Battery chargers convert 120 volt power from the utility or a generator
into a form usable by the batteries. There are two common ways of accomplishing
this. The first is a transformer type charger. This type of charger is
by far the most common type, with most chargers conforming to this design.
They work very well with utility power, but the less expensive ones are
very inefficient and can lose performance drastically when operated from
a generator. Some generators affect chargers in this way more dramatically
than others. (When buying a small generator, ask LOTS of questions…….)
In general, generators should be adjusted to produce 125 - 130 volts to
provide satisfactory results, and even then don’t count on more than half
of the chargers stated capacity. The second type of charger is actually
a switching type power supply adapted to charge batteries. These units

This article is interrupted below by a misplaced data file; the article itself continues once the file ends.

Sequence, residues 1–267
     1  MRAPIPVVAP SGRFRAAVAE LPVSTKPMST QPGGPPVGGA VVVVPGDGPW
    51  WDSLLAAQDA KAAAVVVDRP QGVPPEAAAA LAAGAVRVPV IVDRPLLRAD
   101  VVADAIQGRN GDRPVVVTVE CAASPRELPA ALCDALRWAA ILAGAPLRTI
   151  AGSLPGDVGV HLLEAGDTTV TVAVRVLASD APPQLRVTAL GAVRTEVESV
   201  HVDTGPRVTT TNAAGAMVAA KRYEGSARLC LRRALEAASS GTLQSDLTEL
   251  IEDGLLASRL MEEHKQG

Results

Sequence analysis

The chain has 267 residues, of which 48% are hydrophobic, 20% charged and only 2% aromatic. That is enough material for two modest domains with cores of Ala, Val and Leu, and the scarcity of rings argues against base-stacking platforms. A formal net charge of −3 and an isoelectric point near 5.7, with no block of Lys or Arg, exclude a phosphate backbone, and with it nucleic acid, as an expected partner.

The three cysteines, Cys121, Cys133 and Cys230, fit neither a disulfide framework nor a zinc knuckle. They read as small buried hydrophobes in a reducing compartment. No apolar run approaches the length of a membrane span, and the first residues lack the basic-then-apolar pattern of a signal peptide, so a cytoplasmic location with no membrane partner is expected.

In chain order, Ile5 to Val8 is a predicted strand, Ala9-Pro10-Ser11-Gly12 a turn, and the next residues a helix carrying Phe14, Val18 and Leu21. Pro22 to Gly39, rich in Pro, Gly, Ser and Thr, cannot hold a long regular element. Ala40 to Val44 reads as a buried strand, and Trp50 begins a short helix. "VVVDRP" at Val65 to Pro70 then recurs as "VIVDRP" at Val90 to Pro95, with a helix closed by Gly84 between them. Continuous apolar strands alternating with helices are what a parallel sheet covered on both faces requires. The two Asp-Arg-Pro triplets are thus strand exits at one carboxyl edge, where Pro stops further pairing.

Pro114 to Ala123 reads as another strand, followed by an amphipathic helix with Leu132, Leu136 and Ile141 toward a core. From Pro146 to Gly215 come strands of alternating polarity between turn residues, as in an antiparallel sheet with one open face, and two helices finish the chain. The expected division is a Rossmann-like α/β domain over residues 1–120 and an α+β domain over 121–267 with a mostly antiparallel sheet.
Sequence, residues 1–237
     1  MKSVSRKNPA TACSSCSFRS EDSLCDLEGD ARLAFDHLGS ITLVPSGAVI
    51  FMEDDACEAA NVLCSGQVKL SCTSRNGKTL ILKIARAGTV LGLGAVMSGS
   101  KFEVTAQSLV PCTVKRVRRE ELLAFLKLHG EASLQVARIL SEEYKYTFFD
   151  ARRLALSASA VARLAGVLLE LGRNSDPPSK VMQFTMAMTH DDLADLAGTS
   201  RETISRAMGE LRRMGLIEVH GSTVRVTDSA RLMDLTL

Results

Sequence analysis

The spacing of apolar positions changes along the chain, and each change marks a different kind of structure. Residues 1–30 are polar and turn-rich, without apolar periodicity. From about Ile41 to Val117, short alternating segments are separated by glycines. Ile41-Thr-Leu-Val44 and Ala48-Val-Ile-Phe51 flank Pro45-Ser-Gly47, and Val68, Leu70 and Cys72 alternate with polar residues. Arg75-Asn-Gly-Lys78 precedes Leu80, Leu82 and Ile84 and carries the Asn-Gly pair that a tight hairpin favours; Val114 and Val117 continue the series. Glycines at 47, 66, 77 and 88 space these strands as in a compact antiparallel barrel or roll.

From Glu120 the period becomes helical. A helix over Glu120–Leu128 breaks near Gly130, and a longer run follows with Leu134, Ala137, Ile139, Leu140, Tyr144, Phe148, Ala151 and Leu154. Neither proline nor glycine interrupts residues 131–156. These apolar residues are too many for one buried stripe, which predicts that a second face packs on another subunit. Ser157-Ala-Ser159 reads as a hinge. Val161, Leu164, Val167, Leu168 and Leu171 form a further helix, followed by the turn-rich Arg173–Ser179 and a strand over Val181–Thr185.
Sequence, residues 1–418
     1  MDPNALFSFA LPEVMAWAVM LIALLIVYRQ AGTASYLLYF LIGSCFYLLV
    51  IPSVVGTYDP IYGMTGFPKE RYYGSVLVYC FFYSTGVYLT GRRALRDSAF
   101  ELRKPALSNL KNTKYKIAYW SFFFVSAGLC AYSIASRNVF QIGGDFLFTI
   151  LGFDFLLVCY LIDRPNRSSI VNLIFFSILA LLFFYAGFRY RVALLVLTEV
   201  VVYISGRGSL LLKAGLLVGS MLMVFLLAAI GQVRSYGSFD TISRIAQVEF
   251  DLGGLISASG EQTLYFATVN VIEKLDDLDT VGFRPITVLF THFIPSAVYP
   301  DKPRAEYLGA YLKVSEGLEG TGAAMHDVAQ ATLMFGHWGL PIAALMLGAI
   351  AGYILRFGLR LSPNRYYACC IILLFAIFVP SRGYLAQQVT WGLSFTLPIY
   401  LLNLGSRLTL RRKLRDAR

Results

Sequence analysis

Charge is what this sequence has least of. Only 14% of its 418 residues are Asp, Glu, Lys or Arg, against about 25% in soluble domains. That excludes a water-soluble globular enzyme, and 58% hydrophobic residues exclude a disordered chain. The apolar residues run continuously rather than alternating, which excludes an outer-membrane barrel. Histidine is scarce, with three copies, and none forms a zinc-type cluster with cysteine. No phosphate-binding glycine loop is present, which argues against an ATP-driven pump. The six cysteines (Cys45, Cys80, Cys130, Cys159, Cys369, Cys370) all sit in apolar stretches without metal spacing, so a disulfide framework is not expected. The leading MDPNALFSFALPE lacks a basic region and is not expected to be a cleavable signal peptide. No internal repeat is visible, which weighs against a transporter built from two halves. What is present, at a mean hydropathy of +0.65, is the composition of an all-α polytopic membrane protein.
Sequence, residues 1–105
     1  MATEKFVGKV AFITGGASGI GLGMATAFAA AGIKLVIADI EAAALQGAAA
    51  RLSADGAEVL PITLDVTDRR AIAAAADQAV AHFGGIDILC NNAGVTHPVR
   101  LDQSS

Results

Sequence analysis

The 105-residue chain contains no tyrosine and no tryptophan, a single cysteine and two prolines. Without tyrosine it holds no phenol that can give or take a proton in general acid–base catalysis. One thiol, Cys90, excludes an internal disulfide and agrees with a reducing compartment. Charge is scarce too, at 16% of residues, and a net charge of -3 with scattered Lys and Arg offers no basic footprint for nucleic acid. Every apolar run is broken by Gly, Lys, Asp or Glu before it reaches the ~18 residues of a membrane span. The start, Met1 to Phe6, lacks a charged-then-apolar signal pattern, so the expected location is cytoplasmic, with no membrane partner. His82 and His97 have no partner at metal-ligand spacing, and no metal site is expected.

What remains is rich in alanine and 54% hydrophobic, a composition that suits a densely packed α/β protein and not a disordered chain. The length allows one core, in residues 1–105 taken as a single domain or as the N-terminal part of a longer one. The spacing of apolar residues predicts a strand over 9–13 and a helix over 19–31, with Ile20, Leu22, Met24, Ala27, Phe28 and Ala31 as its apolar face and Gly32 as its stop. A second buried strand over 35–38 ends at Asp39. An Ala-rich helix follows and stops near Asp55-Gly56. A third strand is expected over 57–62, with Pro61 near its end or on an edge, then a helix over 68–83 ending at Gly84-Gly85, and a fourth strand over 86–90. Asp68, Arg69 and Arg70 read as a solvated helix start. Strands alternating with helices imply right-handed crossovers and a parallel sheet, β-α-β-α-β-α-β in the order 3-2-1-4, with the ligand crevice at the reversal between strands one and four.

are typically smaller and more efficient than their transformer based equivalents,
and are less affected by generator operation. Switching type chargers,
like their transformer laden brethren, should be run at their maximum rated
input voltage for best results when operating on generator power.
A typical system with a generator should have a total charging capacity
of one tenth the battery size if practical. An example follows: a 1000
amp hr battery bank with a DR1512 inverter (built in 60 amp charger) would
require a 40 amp auxiliary charger for an optimal configuration.